Second, in addition to the donor and recipient, donations also involve a beneficiary, as all donations are a contract relation formed for the public welfare. The recipient is usually the beneficiary in civil gift giving activities, but they are not the ultimate beneficiary for donations.

Third, laws such as the Law on Donations for Public Welfare and the Charity Law apply first to charitable donations. If there is no provision in such laws, the Contract Law will apply. Civil gift giving shall only apply to the Contract Law.

1.3 Charitable Donations Can be Demanded for Specific Purposes

Charitable donations, as a special form of civil gift giving, also apply to the Contract Law if there is no special provision. The Contract Law stipulates the right for donors to rescind donations at will in Article 186 (1): “a donor can revoke the grant before the right to the property is transferred.” However, the Contract Law also stipulates that donors cannot revoke such gift contracts when they are related to causes such as disaster or poverty relief or are notarized grant contracts.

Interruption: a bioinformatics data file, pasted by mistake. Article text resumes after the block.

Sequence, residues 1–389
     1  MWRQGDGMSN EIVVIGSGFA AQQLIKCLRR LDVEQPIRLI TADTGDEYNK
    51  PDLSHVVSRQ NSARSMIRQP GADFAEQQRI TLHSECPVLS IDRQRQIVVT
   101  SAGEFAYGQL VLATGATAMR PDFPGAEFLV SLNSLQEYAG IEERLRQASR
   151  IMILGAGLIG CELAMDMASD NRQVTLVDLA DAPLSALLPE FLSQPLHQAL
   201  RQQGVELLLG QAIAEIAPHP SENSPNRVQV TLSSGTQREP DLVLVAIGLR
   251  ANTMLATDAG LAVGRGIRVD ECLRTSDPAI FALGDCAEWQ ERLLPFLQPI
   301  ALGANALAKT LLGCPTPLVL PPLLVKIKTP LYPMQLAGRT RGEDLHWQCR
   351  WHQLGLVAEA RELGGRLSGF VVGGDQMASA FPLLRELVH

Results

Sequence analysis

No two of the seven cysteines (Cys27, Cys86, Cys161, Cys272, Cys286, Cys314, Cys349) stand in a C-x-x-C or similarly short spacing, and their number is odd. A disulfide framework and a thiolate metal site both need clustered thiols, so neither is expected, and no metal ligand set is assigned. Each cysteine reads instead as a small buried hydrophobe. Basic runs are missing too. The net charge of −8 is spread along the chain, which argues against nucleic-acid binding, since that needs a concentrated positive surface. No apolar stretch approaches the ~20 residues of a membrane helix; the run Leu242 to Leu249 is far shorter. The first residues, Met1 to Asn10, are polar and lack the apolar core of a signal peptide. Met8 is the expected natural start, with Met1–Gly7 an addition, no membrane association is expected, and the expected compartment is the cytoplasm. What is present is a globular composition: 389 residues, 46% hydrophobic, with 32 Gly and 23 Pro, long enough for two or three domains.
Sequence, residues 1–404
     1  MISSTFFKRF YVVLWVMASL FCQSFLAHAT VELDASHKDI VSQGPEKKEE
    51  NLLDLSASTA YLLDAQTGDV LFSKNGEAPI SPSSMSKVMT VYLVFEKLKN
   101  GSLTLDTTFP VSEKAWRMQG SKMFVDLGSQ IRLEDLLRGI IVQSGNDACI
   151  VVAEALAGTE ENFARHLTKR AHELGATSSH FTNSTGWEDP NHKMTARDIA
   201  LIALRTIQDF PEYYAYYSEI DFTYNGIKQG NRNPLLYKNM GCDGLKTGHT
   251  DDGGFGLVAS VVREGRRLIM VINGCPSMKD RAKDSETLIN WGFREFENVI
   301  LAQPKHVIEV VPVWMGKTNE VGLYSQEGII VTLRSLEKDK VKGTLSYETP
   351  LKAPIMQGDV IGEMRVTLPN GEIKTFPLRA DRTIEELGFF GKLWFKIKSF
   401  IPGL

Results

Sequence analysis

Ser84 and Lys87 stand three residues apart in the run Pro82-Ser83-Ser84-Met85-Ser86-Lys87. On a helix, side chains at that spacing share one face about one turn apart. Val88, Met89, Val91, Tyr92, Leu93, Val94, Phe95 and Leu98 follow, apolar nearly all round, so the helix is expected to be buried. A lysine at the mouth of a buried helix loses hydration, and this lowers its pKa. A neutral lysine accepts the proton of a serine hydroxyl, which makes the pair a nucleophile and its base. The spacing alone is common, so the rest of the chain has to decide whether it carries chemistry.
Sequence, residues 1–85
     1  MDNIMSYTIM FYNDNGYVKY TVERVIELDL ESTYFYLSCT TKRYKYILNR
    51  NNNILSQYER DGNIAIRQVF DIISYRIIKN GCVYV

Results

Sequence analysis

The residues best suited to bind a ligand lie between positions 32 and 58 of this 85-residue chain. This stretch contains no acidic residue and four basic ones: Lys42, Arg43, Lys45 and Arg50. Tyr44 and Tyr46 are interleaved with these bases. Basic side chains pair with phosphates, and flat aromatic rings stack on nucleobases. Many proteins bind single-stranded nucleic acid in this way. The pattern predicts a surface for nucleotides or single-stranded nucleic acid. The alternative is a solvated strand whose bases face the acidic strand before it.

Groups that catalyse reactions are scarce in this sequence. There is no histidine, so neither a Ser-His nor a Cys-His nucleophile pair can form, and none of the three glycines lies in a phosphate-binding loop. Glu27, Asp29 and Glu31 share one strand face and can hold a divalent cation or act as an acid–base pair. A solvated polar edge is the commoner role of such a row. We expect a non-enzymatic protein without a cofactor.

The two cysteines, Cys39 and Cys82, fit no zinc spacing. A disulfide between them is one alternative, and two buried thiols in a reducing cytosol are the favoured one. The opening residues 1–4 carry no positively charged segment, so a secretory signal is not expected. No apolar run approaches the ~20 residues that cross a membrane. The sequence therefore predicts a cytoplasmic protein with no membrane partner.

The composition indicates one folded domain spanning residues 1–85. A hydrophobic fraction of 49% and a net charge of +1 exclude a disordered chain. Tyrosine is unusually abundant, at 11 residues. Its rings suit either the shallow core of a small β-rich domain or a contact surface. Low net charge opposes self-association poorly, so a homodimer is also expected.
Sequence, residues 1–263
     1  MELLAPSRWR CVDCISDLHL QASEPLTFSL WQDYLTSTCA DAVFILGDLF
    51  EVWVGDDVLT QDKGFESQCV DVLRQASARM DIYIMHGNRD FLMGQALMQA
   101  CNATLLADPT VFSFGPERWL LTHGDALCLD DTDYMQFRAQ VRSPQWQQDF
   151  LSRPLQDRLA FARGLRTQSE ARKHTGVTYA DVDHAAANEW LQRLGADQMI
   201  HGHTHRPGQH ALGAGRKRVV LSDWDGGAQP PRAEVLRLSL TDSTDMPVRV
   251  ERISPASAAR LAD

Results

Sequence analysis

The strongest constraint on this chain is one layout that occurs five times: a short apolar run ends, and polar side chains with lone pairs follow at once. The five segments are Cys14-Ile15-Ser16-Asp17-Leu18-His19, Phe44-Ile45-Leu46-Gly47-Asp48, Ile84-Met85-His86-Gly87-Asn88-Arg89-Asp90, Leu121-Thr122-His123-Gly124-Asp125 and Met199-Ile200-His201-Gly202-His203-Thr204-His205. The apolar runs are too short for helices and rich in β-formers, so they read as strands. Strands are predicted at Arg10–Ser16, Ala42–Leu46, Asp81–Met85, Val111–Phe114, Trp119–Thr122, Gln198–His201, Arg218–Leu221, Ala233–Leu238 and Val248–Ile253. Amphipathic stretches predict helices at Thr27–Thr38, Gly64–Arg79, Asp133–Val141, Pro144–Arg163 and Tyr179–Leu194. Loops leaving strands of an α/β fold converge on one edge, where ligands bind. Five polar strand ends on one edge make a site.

As charitable donations are meant to serve the public welfare, stricter stipulations for donors are necessary. Based on the Contract Law, the Charity Law outlines donor obligations under two important circumstances. The first is when a donor publicly promises to donate via media channels such as television, newspapers, magazines, and the Internet. The second is when property is used for causes such as poverty relief, financial aid, elderly support, orphan rescue, illness compensation, aid for the disabled, preferential treatment for entitled groups, and aid for emergencies like natural disasters, accidents, public health crises. In these circumstances, charitable organizations may claim for delivery if the property is not received by the date specified in the donation agreement.